Click here to [close]

Monday, May 22, 2017

Dálava - The Book of Transfigurations (Songlines, 2017) ****

The core of the group Dálava is the husband and wife team of vocalist Julia Úlehla and guitarist Aram Bajakian. They released the first Dálava album in 2014 and like The Book of Transfigurations, it is an exploration of Moravian folk songs collected by Úlehla’s great-grandfather, sung in Czech, and set to the more contemporary downtown NYC sound cultivated by Bajakian. The care and concern put into crafting the music, stemming from Úlehla family roots, plus the adventurous compositions from Bajakian (who worked with Lou Reed, the rambunctious group Abraxas, as well as created the meditative Dolphy Formations) make for a potent combo. 

Let's jump right in on track three, 'Dyž sem já šel pres hory / The rocks began to crumble'. The words, translated are of a young man’s heartbreak, being torn away from the woman he want’s to marry because he’s being drafted to war … 
Get married my girl, my golden heart,
I am not allowed to take a wife
I received a note, a little note, note
I must go to war.
Úlehla’s voice is haunting, there is a compressed urgency and a folksiness that doesn’t quite settle into, or leave, your ears. Bajakian delivers slashing guitar work that captures the internal tearing apart by conflicting romantic and patriotic loves. On the next track, 'Co ste si mamičko za dům stavjat dali / Iron bars, iron lock’, Úlehla’s voice is front an center, while an accordion provides appropriately forlorn accompaniment:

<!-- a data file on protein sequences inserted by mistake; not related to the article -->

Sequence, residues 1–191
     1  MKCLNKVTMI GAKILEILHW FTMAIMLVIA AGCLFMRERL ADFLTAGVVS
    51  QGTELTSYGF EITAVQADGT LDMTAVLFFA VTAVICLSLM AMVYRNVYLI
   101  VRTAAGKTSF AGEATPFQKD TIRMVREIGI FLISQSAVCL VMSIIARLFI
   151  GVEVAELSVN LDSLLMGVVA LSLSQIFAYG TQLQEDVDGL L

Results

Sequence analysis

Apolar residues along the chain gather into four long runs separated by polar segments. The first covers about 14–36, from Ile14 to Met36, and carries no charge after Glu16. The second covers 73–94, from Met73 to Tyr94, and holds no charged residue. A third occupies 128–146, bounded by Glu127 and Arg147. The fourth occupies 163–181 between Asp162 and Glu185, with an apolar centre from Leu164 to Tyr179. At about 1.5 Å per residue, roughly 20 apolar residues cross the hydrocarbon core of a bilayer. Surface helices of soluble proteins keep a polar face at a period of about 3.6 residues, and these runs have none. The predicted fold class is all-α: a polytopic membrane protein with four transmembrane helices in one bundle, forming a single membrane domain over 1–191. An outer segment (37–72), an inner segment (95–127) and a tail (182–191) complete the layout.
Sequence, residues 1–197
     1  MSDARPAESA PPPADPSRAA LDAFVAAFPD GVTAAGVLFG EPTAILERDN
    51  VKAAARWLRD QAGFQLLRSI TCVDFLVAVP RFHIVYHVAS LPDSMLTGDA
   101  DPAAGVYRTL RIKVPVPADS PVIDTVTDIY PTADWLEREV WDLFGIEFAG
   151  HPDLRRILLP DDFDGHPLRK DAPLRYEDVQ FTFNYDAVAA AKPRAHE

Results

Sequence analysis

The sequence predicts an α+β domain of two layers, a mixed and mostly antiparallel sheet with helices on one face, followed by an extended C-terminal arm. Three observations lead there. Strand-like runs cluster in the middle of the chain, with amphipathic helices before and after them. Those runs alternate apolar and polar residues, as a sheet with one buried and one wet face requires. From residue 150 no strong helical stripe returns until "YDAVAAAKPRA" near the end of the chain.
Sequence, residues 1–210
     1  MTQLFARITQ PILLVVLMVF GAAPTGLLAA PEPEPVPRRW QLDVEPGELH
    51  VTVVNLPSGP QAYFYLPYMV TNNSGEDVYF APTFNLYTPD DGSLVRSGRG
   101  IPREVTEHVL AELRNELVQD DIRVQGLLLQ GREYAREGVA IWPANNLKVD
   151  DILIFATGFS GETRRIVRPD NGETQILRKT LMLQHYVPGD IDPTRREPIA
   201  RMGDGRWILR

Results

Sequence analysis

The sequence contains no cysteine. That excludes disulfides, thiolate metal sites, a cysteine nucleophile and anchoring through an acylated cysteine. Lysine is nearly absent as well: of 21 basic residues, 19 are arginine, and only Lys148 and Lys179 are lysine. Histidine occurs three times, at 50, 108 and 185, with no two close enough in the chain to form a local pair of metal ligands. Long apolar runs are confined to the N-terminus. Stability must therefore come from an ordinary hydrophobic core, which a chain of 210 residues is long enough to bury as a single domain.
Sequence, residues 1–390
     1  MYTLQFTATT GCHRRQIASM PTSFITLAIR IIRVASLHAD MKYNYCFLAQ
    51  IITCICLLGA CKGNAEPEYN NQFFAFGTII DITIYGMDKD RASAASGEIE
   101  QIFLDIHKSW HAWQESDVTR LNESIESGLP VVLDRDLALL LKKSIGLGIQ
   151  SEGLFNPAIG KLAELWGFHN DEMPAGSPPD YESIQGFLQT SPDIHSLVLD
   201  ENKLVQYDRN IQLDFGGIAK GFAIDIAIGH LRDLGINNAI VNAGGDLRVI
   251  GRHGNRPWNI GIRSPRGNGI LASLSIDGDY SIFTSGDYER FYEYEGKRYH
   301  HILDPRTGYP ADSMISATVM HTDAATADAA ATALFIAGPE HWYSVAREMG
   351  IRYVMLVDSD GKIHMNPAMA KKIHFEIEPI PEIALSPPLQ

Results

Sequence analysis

What kind of a house did you build for yourself, mama
Neither windows nor doors, only walls
On a later track, 'Okolo Hradišča voděnka teče / He's bringing something for me’, the music swells from quiet reflection into a wrenching explosion of sound. Such contrasts of old and new, and stylistic juxtapositions make the album compelling, while the language leaves many listeners simply hanging onto the expressive emotion of Úlehla’s voice rather than the meaning - the translations, invoking timeless themes, are provided within the accompanying booklet. 

The Dálava band is comprised of Vancouver musicians: cellist Peggy Lee, bassist Colin Cowan, accordionist/keyboardist Tyson Naylor, and drummer Dylan van der Schyff. This isn’t the group that recorded the first album, which was drawn from the guitarists New York City groups. Bajakian and Úlehla have been living in BC for the past several years. While the downtown vibe was mentioned earlier, it is a not omnipresent, rather a calm, assured, expressiveness permeates the album. Check it out - listen closely and let time collapse around you.